By Lil Nickelson
On Monday, March 5th, 2018 the New York Women’s Culinary Alliance (“NYWCA”) held its 8th Annual Stories & Advice event titled “Dynamic Women in Food Media” on the 3rd floor at The Institute of Culinary Education located at 225 Liberty Street in lower Manhattan from 6 pm to 9 pm. What a great way for the NYWCA to kick off Women’s History Month by presenting three women who have trail blazed careers in food media that have distinguished them within their respective media channels.
The evening began with a food and beverage networking reception that featured food and beverages made and/or represented by women. Everything that I sampled was phenomenal, but what I really enjoyed was the networking that took place during this part of the evening. I sat next to mother and daughter culinary professionals: Mom is a private chef for a wealthy person and the daughter was a pastry chef that just made a career change from a restaurant to a position at the cooking school where the event was held. Mom and I exchanged contact information and I do plan on connecting with her once she returns from Florida with her client.
The food media panel discussion began about 7:30 pm and the members were:
- Amanda Hesser – is an author, writer, editor that spent eleven years working at The New York Times before becoming co-founder and CEO of Food52 in 2009 that has over 12 million audience members (which I am one of) and a Twitter app producer of Plodt, which helps you keep track of (and rating) the food you cook and eat. Amanda served on President Obama’s Commission on White House Fellowships.
- Kathy Oberman – is a member of NYWCA that has a 25-year multi-media career as a television producer, media spokesperson, writer, chef and food stylist that formerly produced for Bobby Flay, Martha Stewart and B. Smith. Kathy is currently the executive producer and owner of KO Omnimedia LLC that is producing a new organic food TV series starring Nell Newman and working on two other original TV productions.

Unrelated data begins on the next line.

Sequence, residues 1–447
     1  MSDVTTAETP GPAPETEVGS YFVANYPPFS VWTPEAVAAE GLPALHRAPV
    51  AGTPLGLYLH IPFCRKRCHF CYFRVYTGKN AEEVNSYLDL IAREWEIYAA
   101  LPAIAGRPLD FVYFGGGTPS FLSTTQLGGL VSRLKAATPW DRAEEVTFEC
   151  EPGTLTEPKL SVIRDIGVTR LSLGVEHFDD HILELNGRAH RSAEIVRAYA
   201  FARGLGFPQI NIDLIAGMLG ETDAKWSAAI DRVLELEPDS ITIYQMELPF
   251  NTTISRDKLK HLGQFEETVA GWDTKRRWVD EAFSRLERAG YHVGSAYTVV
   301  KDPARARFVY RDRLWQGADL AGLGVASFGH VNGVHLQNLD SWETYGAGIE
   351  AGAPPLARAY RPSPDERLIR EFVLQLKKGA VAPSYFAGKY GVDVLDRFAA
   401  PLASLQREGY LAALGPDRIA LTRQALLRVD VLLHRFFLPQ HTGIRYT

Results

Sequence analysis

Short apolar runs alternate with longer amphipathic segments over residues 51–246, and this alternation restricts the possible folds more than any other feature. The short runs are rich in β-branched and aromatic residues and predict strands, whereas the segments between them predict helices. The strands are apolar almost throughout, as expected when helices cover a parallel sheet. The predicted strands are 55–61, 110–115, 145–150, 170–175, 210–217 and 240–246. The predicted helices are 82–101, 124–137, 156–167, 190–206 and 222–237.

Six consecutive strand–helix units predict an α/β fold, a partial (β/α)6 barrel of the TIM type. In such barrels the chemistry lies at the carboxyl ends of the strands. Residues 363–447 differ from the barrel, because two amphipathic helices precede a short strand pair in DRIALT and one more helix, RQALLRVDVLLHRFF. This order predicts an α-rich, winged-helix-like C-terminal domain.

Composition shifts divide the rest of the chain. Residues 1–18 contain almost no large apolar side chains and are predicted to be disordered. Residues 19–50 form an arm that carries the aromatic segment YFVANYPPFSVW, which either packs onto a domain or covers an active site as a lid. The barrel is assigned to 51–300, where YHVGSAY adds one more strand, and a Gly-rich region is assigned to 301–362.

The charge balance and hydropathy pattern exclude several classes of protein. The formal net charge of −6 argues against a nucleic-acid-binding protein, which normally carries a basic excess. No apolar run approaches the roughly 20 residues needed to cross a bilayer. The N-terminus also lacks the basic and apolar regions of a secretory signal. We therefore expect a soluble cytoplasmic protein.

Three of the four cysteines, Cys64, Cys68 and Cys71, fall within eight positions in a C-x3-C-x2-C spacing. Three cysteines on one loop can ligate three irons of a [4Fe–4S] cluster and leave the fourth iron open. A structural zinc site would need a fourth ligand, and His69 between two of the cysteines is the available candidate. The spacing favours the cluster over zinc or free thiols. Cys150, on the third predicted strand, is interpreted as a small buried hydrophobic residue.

- Michelle Buffardi – is a member of NYWCA that is an author and VP, Digital Editor for the Food Network and the Cooking Channel and in this role, she oversees digital editorial and programming strategy for culinary and restaurant for their respective websites; her team creates recipe, how-to and restaurant content. Michelle has spent the last 8 years at Food Network and previously worked at Martha Stewart Living Omnimedia.
- Terry Frishman moderated the discussion. Terry is a NYWCA VP who owns Culinest, a food business consultancy firm that works with culinary businesses to profitably launch, scale classic packaged goods marketing and excel through brainstorming, consulting and education. I met Terry during a free consulting session I had at Columbia University’s Business School where she received her MBA; she continues to give back.
My take away points from the discussion on the future of food media are as follows:
Develop as many skills as possible (write, style, take photos, produce) because in today’s times everything must be done for less; the more skills you possess make you more desirable when you’re looking for work in food media.
Think out of the box to create your own opportunities with like-minded people to give you control over your future like two of the panel members (Amanda and Kathy) have done.
Video is now the new TV horizon; think about producing 360 virtual reality videos. If you go into a health care center and while you are waiting to see a doctor they are showing you videos on everything like how to develop a wellness plan, how to plan your meals, eat healthier meals, exercise, etc. on the televisions.
Now one of things I liked hearing is that they are looking for different types of writers. Professionally I was educated and worked in the finance and accounting fields, however, my Mom started teaching me about cooking when I was 5 years old. I ’ve been writing since I was in junior high school and about food and cooking for the last 10 years.
Believing in yourself and your ideas will help you learn to never accept no; translate it into not right now, but don’t give up.
Job opportunities for women over 35 years old are out there because there are many readers over 40 years old who are looking for content that appeals to them and their lifestyles.
Job opportunities in food media are on the increase with brands, food, technology, science and the medical industries; you must think out of the box.
Now who you know has and will always be important, but networking at events like this can help you develop networking skills, as well as help you expand on who you know and who knows you. Case in point, the four speakers stuck around to network with people at the end of the event. Thanks to NYWCA President Brona Cosgrave, for giving me access to such a stimulating event.